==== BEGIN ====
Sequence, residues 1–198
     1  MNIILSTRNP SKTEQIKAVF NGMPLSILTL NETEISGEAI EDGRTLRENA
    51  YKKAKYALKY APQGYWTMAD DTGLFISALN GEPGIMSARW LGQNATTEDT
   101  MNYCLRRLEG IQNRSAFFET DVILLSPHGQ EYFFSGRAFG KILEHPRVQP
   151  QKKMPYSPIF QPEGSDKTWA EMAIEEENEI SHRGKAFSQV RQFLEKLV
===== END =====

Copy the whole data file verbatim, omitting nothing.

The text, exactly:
Sequence, residues 1–198
     1  MNIILSTRNP SKTEQIKAVF NGMPLSILTL NETEISGEAI EDGRTLRENA
    51  YKKAKYALKY APQGYWTMAD DTGLFISALN GEPGIMSARW LGQNATTEDT
   101  MNYCLRRLEG IQNRSAFFET DVILLSPHGQ EYFFSGRAFG KILEHPRVQP
   151  QKKMPYSPIF QPEGSDKTWA EMAIEEENEI SHRGKAFSQV RQFLEKLV